The week in classical: Tannhäuser; Isata Kanneh-Mason and Maxwell Quartet; Gesualdo Six: Secret Byrd

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An orgy with the main stud out of action is, I suppose, the ultimate frustration. Fortunately, Wagner TannhauserOpening in a prolonged bacchanalian frenzy, is nothing more than theater, as the Royal Opera House production, directed by Tim Albery and new for 2010, reminds us emphatically. Center stage is a proscenium arch, a replica of the ROH’s own gold and crimson. Art and life collide head-on: literally here. Hours before the premiere of this second revival, Stefan Vinke, ill, withdrew from the lead role.

He gracefully walked the role, which thankfully includes a lot of sitting, with Austrian tenor Norbert Ernst singing alongside. Dramatically uneven, heavily manipulated by Wagner himself, Tannhauser she trusts the quality of her singers to get her out of the putrid swamp of desire, or the swamp of religiosity. We have Ernst to thank for allowing the performance, directed by Sebastian Weigle, to go ahead.

He has sung the role in Wuppertal, but his best efforts could not produce the necessary heroic vocal emotion. You may wonder why there isn’t an understudy, but having a standard Covent Garden understudy for a role few people in the world can sing is unfeasible. (Try asking Djokovic to stay in case Nadal has hamstring issues.) That said, the effect of a voice coming from one place and a person lip-syncing like a goldfish from another can create some uncanny comedy.

We still had a good orgy, choreographed by Jasmin Vardimon: a mesmerizing, acrobatic revelry, fearlessly performed inside, outside and around a long table by 12 dancers. Venus (Ekaterina Gubanova), as a nightclub hostess in glittering Lurex, dominated, but this underdeveloped role is never quite fulfilled. However, there was much to savor. The Royal Opera Chorus (conductor William Spaulding), like consecrated pilgrims or Wartburg folk, sang with impeccable ensemble and rich tonal variety, often silent to almost inaudible. The orchestra too, aside from a flurry of nerve strings, was impressive, constantly alert and attentive to the Italianate-style score of this early Wagner. (The 1861 “Paris production” used here incorporates music written nearly two decades earlier.)

Two renowned singers gave performances to appreciate. Norwegian soprano Lise Davidsen, as Elisabeth, displayed majestic vocal power as well as subtle intelligence, adding complexity to this “good woman scorned” role. Davidsen has flourished since her remarkable first appearance on the operatic scene just eight years ago (after winning Plácido Domingo’s Operalia and Queen Sonja competitions in 2015). She deserved every decibel of her loud applause.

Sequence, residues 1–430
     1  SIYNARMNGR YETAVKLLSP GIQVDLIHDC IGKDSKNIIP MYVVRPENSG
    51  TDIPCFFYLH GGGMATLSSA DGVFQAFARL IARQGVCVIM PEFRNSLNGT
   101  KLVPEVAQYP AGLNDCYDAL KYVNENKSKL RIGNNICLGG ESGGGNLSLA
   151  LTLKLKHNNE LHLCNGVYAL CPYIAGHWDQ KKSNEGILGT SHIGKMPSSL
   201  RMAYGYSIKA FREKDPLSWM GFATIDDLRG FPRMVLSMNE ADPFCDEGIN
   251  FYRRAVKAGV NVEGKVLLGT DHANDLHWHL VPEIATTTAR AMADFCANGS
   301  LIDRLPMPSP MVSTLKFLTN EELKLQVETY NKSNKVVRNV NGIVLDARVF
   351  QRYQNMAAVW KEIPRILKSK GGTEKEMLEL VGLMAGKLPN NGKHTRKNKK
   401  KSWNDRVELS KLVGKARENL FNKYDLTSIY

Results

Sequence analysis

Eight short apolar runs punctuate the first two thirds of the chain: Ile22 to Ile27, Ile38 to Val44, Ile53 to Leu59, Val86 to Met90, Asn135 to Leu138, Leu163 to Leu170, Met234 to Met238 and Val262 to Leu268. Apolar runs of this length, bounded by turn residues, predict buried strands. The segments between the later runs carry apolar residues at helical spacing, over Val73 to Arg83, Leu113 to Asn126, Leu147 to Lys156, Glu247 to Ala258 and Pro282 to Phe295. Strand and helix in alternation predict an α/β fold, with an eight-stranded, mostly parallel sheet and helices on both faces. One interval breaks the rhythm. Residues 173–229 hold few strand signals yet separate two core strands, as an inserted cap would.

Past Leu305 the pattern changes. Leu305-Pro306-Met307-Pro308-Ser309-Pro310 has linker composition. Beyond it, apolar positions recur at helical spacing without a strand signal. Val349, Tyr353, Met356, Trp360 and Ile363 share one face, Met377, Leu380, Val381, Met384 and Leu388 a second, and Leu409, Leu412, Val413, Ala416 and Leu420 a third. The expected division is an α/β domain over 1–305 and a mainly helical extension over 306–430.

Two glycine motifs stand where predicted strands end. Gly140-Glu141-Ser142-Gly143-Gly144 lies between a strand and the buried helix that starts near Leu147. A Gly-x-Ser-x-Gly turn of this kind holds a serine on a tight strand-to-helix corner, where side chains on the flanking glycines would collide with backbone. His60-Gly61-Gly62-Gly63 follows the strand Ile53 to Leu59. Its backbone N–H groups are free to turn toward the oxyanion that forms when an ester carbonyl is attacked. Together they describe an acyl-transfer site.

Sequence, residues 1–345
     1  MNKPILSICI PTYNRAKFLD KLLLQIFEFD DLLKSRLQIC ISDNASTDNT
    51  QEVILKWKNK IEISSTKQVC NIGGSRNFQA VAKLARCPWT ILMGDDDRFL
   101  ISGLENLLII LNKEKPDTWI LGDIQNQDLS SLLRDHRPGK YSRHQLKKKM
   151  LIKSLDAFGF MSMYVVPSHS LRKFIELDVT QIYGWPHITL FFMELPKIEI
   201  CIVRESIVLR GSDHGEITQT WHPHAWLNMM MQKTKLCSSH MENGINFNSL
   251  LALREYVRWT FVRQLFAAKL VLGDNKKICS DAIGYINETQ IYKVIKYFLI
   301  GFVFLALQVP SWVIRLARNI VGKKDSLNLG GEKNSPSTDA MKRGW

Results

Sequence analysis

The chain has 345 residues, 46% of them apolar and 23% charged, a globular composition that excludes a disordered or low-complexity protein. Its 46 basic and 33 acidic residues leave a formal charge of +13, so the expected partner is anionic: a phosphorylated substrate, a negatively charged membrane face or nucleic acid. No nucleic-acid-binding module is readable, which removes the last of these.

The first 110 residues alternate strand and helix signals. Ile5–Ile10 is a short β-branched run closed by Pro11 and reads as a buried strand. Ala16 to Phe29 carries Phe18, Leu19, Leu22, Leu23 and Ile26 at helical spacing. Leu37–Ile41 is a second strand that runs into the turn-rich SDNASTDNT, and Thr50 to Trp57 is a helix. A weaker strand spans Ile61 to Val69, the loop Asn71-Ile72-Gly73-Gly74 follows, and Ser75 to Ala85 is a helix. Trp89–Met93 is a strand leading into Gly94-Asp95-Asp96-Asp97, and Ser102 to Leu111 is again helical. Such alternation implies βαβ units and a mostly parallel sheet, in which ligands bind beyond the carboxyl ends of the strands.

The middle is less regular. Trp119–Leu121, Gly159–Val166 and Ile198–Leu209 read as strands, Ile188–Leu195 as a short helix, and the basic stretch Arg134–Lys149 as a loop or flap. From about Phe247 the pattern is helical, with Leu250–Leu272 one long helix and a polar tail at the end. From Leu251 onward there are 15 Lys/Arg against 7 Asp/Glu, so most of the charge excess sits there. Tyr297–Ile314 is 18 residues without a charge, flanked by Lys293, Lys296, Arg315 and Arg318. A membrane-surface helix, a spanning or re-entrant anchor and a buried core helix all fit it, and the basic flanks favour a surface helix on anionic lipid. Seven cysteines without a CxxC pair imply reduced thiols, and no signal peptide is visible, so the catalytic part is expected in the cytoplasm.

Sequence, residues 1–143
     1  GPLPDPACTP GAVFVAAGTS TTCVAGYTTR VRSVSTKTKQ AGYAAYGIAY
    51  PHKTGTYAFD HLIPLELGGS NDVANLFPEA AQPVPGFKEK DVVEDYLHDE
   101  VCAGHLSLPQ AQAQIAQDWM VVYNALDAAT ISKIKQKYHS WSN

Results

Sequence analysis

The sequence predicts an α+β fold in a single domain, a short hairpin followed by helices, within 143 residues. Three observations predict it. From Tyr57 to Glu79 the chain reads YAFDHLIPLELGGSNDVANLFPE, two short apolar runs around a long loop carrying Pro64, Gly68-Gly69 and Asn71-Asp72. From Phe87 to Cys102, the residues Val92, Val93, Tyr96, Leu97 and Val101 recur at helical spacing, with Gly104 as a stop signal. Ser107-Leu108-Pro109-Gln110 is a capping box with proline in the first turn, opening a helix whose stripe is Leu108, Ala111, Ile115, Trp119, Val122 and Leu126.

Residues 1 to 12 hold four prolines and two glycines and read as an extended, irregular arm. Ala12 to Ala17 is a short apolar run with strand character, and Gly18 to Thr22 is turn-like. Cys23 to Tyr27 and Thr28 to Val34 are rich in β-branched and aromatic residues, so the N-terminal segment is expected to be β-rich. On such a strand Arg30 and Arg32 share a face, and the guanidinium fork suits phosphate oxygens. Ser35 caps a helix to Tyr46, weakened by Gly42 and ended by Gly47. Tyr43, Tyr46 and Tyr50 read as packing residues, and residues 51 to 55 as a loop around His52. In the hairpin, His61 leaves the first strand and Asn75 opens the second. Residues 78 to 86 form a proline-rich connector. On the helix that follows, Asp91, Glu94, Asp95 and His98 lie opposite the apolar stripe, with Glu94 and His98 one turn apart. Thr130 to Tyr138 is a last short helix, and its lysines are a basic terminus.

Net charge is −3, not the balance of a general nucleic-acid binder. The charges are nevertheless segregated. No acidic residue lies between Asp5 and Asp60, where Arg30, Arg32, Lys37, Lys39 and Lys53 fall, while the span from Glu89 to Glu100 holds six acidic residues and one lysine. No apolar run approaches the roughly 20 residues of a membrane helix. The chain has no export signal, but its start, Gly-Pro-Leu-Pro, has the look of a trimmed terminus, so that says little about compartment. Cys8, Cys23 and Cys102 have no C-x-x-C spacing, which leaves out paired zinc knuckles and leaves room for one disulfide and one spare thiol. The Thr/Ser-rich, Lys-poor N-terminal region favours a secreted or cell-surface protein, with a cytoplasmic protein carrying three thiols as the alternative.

As Wolfram, Canadian bass-baritone Gerald Finley brought out the pain and humanity of this blameless gentleman, who fights to save his friend at the cost of his own happiness. His ode to the evening star (O du, mein holder Abendstern) is the still point of the opera, beautifully rendered by the ever-eloquent Finley. Highlights included Mika Kares’ powerful Landgrave, Sarah Dufresne’s Young Shepherd and Egor Zhuravskii’s Walther. This is a grim production, a grim, war-torn landscape in Michael Levine’s designs, but it’s still worth making an effort to see, especially in its completed state, with Vinke back in the title role. A bonus is the presence, at the end, of the Tiffin Boys’ Choir just as the Pope’s staff sprouts green leaves. don’t ask. This is Wagner.

Slowly, the classical world is rebuilding itself post-Covid, with a cautious review and realignment, either intentional or forced by the economy. Leadership or music director changes are underway in Birmingham, Bournemouth and Manchester. Radio 3, which is partly relocating to Salford, has announced a new controller, Sam Jackson. Two important places in London, the Barbican and the Southbank, have had many comings and goings. For now, we welcome the first season at the Southbank entirely programmed by Toks Dada, head of classical music.

An early start, and an audience of all ages, gave the pianist Isata Kanneh Masons concert with the Maxwell Quartet a fresh atmosphere, helped by an unusual repertoire. The best-known work was Felix Mendelssohn’s Piano Trio No. 2 in C minor (1845), a prelude to two quintets: Eleanor Alberga’s clouds for piano quintet (1984), written like a dance score and full of wacky rhythmic games and bewitching hazy textures; and Ernő Dohnányi’s Piano Quintet No. 1 in C Minor, Op. 1 (1895), a restless, irresistibly optimistic student work with remarkably beautiful viola and cello solos. Kanneh-Mason was at the heart of music-making, quiet, unimpressive chamber music at the same time as his fellow players: a winning combination of his youth and the quartet’s experience.

It’s too early in the year to accuse anyone of not noticing William Byrd’s 400th anniversary. This English Catholic composer, effectively exiled in his own Protestant land, took a treacherous route between repression and the practice of his religion. secret byrd, “an immersive stage mass”, took place in the candlelit crypt of St Martin-in-the-Fields. Owain Park led the Gesualdo Six in Byrd’s Mass for Five Voices, set to viola music by Fretwork: both elite early music ensembles perform with effortless perfection. You could walk in near darkness and follow the action. Or you could sit, listen and imagine.

Star Ratings (out of five)
Isata Kanneh-Mason and Maxwell Quartet
secret byrd

  • Tannhauser is at the Royal Opera House in London until February 16

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